Note! This article is an extract of Tanning Game: Traditional Nordic Tanning Methods for Leather and Furs by Hanna Nore.
Natural and traditional tanning is a vanishing traditional craft which emphasises the importance of refining all parts of an animal. Nothing should ever be thrown away. Traditional tanning is a way to process raw skin completely by hand, using chemicals sourced from the local wilderness. A traditional tanner attempts to see and discover the best possible tanning method for each raw skin and, through this, the best usage for that skin. A carcass turns into something beloved, something beautiful and unique.
Leather is one of the oldest materials harnessed by humans. Tanning with materials found in nature has been a prerequisite for survival. This ancient way of working leather is still in use around the world among indigenous people. Their way of living according to the cycle of nature, utilizing its varied opportunities and offerings with respect, fascinates me. I repeat: nothing is to be thrown away.
Traditional tanners use chemicals that can be sourced from local nature. For example, Finland has a wide variety of trees and woody plants that have tannin in their bark. This acid, which also shows up in red wine, can be used at home as raw material for traditional tanning. This technique, known as vegetable tanning, produces durable, full-grain leather with a beautiful finish. It is also suitable for tanning certain types of pelts.
Another traditional tanning method is fat tanning, which utilizes the composition of unsaturated fatty acids. Organically-sourced egg yolks will produce velvety smooth furs and leathers. The tanning process with these, nature’s own chemicals, is lengthy, but the end result is nature-friendly, ethical, washable, home-grown and respectful of traditions – and you don’t have to compromise on looks!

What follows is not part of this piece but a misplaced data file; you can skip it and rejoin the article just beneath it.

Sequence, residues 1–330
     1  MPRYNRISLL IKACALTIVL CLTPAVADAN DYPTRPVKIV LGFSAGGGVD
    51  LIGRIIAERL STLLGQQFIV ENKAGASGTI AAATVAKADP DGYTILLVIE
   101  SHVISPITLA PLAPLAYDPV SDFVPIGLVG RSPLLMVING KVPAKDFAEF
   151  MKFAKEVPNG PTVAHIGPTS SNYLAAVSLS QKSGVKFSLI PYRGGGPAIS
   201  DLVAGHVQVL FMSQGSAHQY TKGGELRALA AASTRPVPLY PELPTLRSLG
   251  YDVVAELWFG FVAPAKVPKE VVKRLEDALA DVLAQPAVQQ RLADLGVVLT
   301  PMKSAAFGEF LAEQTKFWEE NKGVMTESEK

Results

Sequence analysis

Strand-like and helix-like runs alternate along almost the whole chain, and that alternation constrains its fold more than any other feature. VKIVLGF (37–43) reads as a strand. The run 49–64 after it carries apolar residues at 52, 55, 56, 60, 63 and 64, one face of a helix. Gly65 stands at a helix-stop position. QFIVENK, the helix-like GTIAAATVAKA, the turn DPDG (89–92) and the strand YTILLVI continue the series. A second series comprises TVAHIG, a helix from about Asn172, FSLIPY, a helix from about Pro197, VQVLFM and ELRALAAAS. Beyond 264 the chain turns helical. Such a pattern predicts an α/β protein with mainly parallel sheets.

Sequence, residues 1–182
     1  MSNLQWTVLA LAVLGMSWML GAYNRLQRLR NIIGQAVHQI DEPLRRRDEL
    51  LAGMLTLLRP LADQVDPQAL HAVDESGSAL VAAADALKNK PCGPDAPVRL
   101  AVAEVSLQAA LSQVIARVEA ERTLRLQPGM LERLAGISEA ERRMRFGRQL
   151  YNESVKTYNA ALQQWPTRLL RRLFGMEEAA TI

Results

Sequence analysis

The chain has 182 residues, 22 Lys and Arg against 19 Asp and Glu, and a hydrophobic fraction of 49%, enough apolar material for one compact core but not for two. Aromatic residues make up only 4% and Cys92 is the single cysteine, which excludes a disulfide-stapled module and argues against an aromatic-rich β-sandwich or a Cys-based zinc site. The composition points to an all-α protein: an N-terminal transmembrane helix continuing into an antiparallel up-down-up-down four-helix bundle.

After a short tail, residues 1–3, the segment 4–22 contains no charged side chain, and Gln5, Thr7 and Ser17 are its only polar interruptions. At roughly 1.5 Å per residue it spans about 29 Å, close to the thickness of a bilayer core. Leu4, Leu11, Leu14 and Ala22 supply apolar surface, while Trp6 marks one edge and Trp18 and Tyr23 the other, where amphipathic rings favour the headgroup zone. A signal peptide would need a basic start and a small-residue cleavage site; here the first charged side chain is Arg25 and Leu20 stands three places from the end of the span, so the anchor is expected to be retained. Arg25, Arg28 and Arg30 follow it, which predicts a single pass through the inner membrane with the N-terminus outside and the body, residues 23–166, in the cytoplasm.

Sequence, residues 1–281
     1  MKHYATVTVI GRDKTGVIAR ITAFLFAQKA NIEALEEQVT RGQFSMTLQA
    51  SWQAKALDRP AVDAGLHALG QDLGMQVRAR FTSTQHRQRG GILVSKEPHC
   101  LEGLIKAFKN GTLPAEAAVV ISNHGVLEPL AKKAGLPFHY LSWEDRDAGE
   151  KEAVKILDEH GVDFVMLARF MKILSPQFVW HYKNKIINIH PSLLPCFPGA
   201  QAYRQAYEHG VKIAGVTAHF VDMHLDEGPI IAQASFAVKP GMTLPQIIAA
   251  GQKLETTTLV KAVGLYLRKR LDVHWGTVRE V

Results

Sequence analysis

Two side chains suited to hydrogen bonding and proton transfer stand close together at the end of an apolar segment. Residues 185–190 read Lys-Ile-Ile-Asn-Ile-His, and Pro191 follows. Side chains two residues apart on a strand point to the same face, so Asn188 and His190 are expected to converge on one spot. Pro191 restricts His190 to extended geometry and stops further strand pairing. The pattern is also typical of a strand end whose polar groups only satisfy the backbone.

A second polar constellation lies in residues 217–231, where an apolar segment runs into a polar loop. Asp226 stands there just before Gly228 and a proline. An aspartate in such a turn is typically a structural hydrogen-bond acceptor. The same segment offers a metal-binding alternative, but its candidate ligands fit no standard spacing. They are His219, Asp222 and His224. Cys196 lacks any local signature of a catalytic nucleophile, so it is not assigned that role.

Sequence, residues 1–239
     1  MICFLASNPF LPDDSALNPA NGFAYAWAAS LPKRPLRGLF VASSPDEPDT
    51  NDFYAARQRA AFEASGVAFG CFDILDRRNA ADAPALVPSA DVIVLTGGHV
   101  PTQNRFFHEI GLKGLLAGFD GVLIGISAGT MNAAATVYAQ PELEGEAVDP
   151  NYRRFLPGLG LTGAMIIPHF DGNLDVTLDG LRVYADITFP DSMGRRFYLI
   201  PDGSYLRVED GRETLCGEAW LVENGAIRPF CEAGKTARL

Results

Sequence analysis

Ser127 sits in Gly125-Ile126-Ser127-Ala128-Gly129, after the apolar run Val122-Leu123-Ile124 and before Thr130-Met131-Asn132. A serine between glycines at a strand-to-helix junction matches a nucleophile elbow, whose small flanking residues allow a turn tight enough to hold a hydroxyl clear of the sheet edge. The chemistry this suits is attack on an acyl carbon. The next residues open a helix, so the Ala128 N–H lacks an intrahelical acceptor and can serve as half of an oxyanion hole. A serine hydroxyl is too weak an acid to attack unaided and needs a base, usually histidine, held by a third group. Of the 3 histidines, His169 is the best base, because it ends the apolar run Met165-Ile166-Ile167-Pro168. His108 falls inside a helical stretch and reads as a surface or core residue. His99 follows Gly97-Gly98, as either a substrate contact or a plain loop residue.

Our history is full of different ways of working leather, and people have used a wide variety of materials: human urine, animal brain matter, hen and dog faeces, ash, willow bark, buttermilk, rye flour, rancid butter and sea mammal fats. There are hundreds, if not thousands, of different methods and variations found around the world. What they all have in common is the materials – chemicals that come straight from the surrounding nature.
Consumer interest in ethical and ecological leather grows year by year. Even though leather is one of the most common raw materials used in the shoe and fashion industries, the actual process of preparing leather is largely unknown to many people today. The strong industrial chemicals and pollution caused by the leather industry put a heavy strain on our environment, and poor working conditions around the world cause health hazards for the workers. Natural tanning offers an alternative to mass production.
As a living material, leather is challenging, since the number of variables in the tanning process is enormous. Every day at the tanner’s rack is different. Every raw skin tells its own story. During tanning you can see the entire lifespan of the animal on its hide: battle scars, insect bites, and marks left by living conditions, procreation and death.
A natural tanner’s connection to nature is strong.
With natural and traditional tanning methods we can produce ecological and ethical leather and furs that will last from one generation to the next. They are an excellent alternative to heavy metal-laden industrially tanned goods.
- The structure of leather and the tanning process
- Best practices for reclaim skins to ensure high quality end results
Traditional tanning techniques for full-grain leather, furs and pelts